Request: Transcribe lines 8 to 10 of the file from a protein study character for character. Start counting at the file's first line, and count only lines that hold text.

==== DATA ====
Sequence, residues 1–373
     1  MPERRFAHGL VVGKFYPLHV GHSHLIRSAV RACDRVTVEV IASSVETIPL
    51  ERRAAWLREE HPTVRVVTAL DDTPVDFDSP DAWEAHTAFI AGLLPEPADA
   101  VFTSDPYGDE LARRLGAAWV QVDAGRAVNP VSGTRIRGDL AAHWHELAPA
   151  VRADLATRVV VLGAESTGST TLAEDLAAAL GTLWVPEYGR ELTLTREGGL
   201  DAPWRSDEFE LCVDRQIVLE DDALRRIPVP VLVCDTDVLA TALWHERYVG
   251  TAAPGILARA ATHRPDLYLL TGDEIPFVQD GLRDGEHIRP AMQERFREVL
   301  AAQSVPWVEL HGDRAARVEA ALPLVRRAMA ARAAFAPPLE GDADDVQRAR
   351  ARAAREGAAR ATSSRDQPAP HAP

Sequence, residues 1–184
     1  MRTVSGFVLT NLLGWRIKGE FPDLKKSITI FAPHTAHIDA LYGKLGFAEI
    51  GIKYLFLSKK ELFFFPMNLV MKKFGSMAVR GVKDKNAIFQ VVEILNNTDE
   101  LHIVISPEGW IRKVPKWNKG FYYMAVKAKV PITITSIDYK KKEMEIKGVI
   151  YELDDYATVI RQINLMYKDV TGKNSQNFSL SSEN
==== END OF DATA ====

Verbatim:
   301  AAQSVPWVEL HGDRAARVEA ALPLVRRAMA ARAAFAPPLE GDADDVQRAR
   351  ARAAREGAAR ATSSRDQPAP HAP

Sequence, residues 1–184